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Tax Justice for Social Justice
by Martina Neuwirth and Thomas Kattnig
Email: marc1seed (nospam) yahoo.com
22 Oct 2015
Every year states lose billions in tax revenues through the aggressive tax avoidance practices of international corporations. Companies profit from public services whose financing is left to citizens. 1 trillion euros are lost every year from European public budgets.
TAX JUSTICE FOR SOCIAL JUSTICE
By Martina Neuwirth and Thomas Kattnig
[This blog article published on July 9, 2015 is translated from the German on the Internet, http://blog.arbeit-wirtschaft.at.]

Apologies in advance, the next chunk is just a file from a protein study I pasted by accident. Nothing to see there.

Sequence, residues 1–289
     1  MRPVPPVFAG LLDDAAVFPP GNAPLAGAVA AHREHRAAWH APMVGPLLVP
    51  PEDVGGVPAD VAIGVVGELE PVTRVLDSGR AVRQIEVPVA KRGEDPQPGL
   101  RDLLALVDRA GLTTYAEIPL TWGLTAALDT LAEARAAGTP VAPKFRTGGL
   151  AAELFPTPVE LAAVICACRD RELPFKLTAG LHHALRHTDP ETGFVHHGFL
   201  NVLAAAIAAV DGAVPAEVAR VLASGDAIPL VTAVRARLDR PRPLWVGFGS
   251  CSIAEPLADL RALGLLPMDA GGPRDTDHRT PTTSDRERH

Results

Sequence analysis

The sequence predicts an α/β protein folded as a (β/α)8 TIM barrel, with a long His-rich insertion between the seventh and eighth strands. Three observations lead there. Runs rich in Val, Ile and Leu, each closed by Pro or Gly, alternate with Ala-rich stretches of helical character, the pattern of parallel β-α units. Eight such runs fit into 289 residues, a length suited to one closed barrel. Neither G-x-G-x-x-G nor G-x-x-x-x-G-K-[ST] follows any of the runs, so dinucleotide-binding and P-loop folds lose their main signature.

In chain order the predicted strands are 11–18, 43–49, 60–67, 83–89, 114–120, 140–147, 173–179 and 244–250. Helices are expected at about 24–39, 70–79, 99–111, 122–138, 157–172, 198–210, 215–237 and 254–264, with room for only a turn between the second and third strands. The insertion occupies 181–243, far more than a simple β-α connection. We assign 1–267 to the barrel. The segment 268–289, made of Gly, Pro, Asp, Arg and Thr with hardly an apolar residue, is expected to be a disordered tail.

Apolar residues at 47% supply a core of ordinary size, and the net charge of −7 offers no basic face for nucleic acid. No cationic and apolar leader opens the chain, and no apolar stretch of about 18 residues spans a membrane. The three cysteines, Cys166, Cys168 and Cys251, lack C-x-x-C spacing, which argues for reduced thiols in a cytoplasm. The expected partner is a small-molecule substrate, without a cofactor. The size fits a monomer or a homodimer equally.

June 23 was the international day of public services. Did you know that? Provision of these services – water, hospitals, schools, culture, energy, streets, public transportation and a good administration – is important for all citizens along with a functioning state. But financing these services has become harder and harder! Every year states lose billions in tax revenues through the aggressive tax evasion practices of international corporations. At the same time corporations profit from these public services whose financing is left to the citizens.
DOES TAX BURDEN DETERMINE THE LOCATION DECISION? REALITY IS MORE COMPLEX
In the decision over location, many questions like public safety, medical services, training workers, independent legal systems, public transportation and a well-functioning administration play a crucial role. Therefore the tax tricks of Amazon, Google, Ikea and McDonalds trigger an international wave of indignation on account of their harmful effect on society.